Monday, December 21, 2009


I can remember it like it was yesterday. I was wrapping Christmas presents in the family room downstairs in my home. The gift was a golf practice game for my husband. That's when the telephone call came that was to change my family's life forever. My Dad was in the emergency room at the hospital. Get there as soon as you can. My Dad? He's at a Christmas party with his co-workers. Mom went with him. And that's the last normal thing I knew. It wasn't the same after that.

Dad had collapsed while dancing a waltz at that Christmas party. He had finished a dance with Mom and one of the other women asked him to dance. I always liked to watch him dance. He was so graceful, and he loved to dance.

Dad had a massive heart attack and died that Christmas party night on the Winter Solstice, Dec.21,1979. I was 37 years old with a husband and three little girls. I needed my Dad and wasn't ready for him to fly off into the night, leaving us all bewildered below.

As I left the ER that night, on my way home to a new reality, I remember looking up at the stars and thinking of Shakespeare's Romero saying "And, when he shall die, take him and cut him out in little stars. He will make the face of heaven so fair that all the world will fall in love with night and pay no heed to the garish sun."

Thr lessons I learned from him were many.He was always there for us.He worked harder then a man should have to work. He was proud, he loved Wyoming,and had the best sense of humor. He was comfortable around people and could shoot the shit with the best of them. One day I stopped to have lunch with Mom and Dad. I was stressed out over a job I had as a nurse. There was no job description and I had to develop it as I went. It was a big chance and a big challenge and needed constant interpretation to everyone. I was sick and tired of it and wanted to quit. As I talked to my parents about it, Dad said I should quit. He questioned the reasons the job was given to me, didn't they know it would be too hard? On the way back to work, I got mad. They were not going to beat me, I would show them I would do just fine, and I would do what I knew deep down I could do. Dad's reverse psychology really worked on me that day!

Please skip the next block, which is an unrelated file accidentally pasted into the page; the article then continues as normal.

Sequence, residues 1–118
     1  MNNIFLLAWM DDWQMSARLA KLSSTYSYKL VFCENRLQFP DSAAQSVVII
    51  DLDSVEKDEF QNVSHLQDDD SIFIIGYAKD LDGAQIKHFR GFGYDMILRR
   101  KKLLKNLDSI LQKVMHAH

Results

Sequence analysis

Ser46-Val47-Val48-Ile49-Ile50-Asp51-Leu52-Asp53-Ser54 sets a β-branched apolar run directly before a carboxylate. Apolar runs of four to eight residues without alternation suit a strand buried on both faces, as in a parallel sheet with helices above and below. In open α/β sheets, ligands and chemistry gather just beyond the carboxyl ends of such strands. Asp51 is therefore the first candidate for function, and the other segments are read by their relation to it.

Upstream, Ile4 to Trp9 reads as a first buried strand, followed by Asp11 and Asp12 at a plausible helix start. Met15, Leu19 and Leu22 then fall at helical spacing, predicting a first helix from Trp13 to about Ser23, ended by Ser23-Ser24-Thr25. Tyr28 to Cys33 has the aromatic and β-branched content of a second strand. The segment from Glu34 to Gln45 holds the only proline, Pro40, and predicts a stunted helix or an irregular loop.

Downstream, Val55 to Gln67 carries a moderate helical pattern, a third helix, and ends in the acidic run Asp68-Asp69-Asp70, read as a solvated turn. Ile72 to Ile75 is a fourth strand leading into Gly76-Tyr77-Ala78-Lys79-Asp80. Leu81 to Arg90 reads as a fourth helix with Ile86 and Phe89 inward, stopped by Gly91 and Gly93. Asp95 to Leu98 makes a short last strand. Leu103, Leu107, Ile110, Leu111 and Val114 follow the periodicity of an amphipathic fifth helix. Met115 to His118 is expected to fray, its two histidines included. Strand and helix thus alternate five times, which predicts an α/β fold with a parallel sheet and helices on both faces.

We just didn't have him long enough. There's lots I would like to talk to him about and tell him. I do that now, but his twinkling blue eyes are not looking at me, and his crazy faces are only a memory. I know life is a journey to death. He made his journey a legacy for us. I pray I can do half the job for my children that he did for us.

Good-night, Herm. Sleep well. Tomorrow is another dancing day, and you and Mom have the universe to waltz through. Don't stumble on the stars.

Pax Tecum

Tuesday, November 3, 2009


There are 450 Minutemen III missles deployed in the United States. That breaks down to 49 in Colorado, 82 in Nebraska and 19 in Wyoming all controlled from Warren AFB in Cheyenne.
There are 150 in North Dakota controlled from Minot AFB, ND. Finally there are 150 in Montana controlled from Malmstrom AFB in Great Falls

Each missle has one nuclear bomb on board. The size of the bomb is estimated to be between 12 and 18 times the size of the Hiroshima bomb. They are on constant alert with bomb crews deployed in groups, which are assigned 10 bomb sites per launch control center.

Vigil at Nuclear Silo N8, August 15, 2009. The directions from Cheyenne: Go south on route 85 to Ault. Take route 14 east for about 35 miles to road 113, you can see the silo from the road.
East of I-25 in Colorado, it looks alot like Nebraska, rolling farm land with miles of corn and cows. The sky is very blue.

We, who are gathered here, pray today with all the world citizens that peace may be in every heart, in every home, in every nation.

I didn't think it would have the impact it did. A steel lid on a concrete pad with a fence around it, looked on by a camera and a satellite dish in the middle of Colorado farm country. Every bit as powerful as 20,000 people at the gates of Fort Benning. Why? It was the stillness that caught my attention. The air, the site, and very nearly my heart....all still. It was all over me. Comprehension of chaos evoked a sense of stillness to the extent I almost didn't breathe.